A few weeks after our wedding, our prayers were answered. One morning, I woke feeling very nauseated. Eating didn’t help. I couldn’t figure it out. Excitedly, Kevin asked if I might be pregnant. It was possible, I thought, though I never imagined we would have a honeymoon baby. He rushed out to get a pregnancy test. It was positive!
I was shocked but happy; Kevin was over the moon. We wanted so badly to have children of our own to add to our family. How perfect, we thought, that just as soon as we were married, God sent us a baby that we all could love on, to unite us in a special way.
That night, Kevin fell asleep with his hand on my stomach. “I love you so much my little baby,” he whispered over and over in the dark. Tears filled my eyes. Everything was so perfect.
The next day I started cramping and spotting. We didn’t know any better, that pregnancy tests can read positive for weeks after a miscarriage, so we bought another overpriced pregnancy test. It still said positive. We hoped that meant our baby was still alive.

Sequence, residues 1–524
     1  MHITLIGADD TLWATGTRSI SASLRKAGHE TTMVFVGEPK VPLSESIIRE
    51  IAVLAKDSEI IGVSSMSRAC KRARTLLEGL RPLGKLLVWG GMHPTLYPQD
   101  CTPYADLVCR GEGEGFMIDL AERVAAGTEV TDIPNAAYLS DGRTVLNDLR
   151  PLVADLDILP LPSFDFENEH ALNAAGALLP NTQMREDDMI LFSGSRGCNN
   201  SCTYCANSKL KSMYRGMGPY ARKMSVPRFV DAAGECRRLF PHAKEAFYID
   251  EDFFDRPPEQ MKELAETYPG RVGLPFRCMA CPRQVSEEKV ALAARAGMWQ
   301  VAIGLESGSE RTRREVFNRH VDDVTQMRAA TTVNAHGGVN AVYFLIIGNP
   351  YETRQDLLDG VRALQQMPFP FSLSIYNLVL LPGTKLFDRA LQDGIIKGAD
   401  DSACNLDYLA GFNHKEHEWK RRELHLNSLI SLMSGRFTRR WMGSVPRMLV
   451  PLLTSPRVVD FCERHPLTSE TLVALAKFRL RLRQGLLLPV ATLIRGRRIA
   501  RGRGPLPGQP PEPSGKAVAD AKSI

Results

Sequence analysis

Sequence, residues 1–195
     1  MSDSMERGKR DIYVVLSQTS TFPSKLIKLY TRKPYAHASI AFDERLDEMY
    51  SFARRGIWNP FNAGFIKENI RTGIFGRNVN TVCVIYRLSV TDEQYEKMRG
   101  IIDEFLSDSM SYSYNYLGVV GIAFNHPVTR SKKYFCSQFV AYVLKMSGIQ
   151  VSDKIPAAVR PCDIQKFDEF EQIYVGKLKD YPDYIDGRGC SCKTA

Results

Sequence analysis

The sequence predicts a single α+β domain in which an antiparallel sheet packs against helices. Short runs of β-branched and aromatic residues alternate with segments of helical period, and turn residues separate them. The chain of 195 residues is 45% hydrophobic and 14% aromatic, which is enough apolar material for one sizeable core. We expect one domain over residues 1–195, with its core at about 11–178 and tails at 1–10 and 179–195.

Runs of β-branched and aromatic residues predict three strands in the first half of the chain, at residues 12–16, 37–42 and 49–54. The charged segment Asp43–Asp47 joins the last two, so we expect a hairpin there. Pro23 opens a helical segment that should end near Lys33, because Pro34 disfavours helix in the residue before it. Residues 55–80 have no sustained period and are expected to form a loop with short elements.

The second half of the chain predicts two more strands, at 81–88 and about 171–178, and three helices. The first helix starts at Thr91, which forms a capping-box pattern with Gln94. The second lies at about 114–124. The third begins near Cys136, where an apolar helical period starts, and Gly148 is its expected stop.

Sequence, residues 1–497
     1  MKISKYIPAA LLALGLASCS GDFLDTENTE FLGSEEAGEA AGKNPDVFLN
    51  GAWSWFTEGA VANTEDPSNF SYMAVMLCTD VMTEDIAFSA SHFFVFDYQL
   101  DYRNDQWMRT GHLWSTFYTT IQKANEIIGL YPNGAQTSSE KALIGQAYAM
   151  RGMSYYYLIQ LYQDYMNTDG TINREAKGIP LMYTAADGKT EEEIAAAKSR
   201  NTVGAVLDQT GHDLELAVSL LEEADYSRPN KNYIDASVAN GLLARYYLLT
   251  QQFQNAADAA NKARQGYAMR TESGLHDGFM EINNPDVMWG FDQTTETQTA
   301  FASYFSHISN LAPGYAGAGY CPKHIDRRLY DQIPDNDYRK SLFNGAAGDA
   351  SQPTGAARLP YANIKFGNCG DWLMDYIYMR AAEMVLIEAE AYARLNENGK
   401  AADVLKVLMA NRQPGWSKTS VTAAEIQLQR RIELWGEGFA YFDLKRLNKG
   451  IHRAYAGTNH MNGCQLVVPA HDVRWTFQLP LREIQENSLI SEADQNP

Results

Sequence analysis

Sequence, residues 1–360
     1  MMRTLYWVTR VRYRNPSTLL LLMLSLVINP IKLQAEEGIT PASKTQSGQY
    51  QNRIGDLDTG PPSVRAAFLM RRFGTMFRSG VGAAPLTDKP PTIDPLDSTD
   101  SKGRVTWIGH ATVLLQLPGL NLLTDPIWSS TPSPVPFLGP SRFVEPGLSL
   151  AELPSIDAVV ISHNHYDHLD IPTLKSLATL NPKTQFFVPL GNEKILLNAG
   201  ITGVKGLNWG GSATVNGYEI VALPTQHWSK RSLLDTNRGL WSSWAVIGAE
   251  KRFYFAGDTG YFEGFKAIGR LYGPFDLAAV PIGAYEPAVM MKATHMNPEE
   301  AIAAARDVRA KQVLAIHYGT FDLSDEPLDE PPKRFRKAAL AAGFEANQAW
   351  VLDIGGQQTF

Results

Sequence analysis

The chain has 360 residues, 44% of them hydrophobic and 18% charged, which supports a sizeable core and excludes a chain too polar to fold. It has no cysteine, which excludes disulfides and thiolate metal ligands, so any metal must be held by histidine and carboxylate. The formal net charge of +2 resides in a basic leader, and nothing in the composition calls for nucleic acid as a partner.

We held each other and cried. I put my hands on my stomach, “Please, please Jesus, save our baby!” Kevin prayed, too, desperately, sincerely, with tears in his eyes and in his voice. The bleeding didn’t stop. By the next day I had no doubts. We had lost our baby. Our precious little baby. I couldn’t stop crying. Kevin just held me and wept.
We felt the loss so deeply. Our hearts shattered. I never knew before how much you could love a baby you had never seen, never even felt move inside you. How when you lose that tiny little life, you lose not only the baby inside your womb, but also the chubby little baby you hoped to hold and smother with kisses, the toddler who would have called you “Mommy” and “Daddy,” the kindergartener you would have prepared for his first day of school, the blue eyes that would have smiled at you as you taught him to play the guitar, the nervous high schooler trying out for the team, the college kid calling you to tell you about his crazy math professor, the first dance at the wedding, the grandchildren you may have had. A life, a whole life with your child, is what you lose when you lose a baby. I never understood until Kevin and I lost our William.